From 1980 until the mid-1990s, Dr Ian Green conducted linguistic fieldwork in the Daly region in the Northern Territory. During this time he created an extensive collection of audio recordings, field notes and analyses on many of the languages in the area. Most of these languages are no longer spoken by more than a few elderly speakers, and there has been very little published on any of them, making Green's collection a treasure trove of precious language material.
The Daly Languages project has made this incredible collection available to the families and communities of the people Green worked with, as well as the general public, via the Daly Languages website. This website provides direct links to the digitised audio recordings, and also includes (where possible) other resources on the languages, as well as a map contextualising the language area, the historical relationships between the Daly languages and some brief grammatical sketches. This website is the first of its kind for Australian Indigenous languages, and represents a new direction in packaging and making easily accessible legacy linguistic material. More information, resources and analyses will continue to be added as they become available.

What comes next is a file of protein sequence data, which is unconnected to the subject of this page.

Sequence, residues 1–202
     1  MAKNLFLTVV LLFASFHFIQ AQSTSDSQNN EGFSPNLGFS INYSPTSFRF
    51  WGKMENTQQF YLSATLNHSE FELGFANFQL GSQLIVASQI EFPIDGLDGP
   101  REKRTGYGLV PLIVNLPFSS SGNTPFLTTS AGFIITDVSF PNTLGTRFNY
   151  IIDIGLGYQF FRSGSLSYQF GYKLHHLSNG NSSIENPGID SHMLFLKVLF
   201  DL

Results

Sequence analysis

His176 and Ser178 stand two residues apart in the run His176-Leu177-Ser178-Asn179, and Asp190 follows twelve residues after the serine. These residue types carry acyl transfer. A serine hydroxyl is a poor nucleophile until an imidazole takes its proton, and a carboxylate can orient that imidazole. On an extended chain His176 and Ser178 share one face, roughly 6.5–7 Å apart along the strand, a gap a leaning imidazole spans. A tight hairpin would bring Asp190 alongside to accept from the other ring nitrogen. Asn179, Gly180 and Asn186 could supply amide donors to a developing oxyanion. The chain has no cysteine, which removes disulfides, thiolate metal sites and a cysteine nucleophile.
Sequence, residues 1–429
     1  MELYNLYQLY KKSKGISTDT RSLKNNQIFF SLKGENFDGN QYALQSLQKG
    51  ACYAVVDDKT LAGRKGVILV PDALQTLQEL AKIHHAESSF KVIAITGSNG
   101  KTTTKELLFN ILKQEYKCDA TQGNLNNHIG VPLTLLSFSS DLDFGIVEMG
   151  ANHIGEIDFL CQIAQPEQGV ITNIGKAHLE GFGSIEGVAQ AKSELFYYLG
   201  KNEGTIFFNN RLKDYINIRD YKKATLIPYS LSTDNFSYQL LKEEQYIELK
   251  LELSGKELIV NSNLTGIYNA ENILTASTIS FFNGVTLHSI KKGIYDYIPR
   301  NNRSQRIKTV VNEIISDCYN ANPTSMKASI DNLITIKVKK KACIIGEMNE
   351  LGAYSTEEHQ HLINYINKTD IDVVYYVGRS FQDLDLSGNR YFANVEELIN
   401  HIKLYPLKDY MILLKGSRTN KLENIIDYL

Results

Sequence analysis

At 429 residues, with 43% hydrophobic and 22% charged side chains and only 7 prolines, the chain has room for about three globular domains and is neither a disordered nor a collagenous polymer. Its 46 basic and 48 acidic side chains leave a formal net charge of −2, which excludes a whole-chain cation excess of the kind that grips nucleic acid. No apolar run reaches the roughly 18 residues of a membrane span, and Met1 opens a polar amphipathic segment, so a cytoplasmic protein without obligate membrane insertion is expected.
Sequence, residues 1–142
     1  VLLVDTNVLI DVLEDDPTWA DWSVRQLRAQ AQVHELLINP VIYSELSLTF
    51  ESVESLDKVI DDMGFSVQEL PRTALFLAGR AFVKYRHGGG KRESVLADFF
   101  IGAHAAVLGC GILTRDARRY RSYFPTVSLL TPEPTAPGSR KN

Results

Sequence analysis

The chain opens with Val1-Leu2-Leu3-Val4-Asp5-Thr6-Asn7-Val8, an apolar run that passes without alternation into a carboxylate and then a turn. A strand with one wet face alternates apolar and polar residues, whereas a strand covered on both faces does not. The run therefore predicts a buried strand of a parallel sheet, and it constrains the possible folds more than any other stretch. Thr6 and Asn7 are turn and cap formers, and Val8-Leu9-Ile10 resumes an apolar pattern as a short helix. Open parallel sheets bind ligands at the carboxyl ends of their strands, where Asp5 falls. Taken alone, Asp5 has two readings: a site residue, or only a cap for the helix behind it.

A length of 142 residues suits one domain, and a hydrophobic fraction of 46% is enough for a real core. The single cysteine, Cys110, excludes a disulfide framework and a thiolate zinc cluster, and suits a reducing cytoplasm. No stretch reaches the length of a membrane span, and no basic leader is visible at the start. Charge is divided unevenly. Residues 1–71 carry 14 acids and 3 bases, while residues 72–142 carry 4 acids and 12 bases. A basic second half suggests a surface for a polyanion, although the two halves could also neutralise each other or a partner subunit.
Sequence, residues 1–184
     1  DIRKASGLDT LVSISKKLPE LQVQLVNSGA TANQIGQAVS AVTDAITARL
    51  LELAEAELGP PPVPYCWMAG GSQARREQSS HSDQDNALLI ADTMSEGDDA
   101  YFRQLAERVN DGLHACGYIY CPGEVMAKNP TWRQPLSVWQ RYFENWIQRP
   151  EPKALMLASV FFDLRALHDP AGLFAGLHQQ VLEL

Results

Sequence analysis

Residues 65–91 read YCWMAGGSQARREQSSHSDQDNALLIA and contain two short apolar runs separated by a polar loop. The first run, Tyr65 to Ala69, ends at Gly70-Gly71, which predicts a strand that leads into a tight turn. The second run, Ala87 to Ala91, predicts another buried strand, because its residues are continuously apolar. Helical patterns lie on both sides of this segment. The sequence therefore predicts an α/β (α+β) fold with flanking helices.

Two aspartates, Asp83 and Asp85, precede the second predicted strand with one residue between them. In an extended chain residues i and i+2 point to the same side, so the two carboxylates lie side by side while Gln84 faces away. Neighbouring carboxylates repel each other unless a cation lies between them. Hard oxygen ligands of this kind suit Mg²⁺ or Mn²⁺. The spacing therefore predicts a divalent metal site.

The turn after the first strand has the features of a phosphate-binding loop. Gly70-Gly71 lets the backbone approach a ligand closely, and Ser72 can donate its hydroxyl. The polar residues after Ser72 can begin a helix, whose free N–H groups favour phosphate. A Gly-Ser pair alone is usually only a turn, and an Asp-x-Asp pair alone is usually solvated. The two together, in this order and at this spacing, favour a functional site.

In July 2016 Green and Nordlinger travelled throughout the Daly region on a repatriation trip, visiting the family members of all the speakers and returning copies of the recordings via USB. Photos of this trip can be seen on the Daly Languages website. You can read more about the trip in an article in the University of Melbourne Pursuit magazine.
The Daly Languages Project is a collaboration between Ian Green, Peter Hurst and Rachel Nordlinger (Director, Research Unit for Indigenous Language), and has been financially supported by the ARC Centre of Excellence for the Dynamics of Language.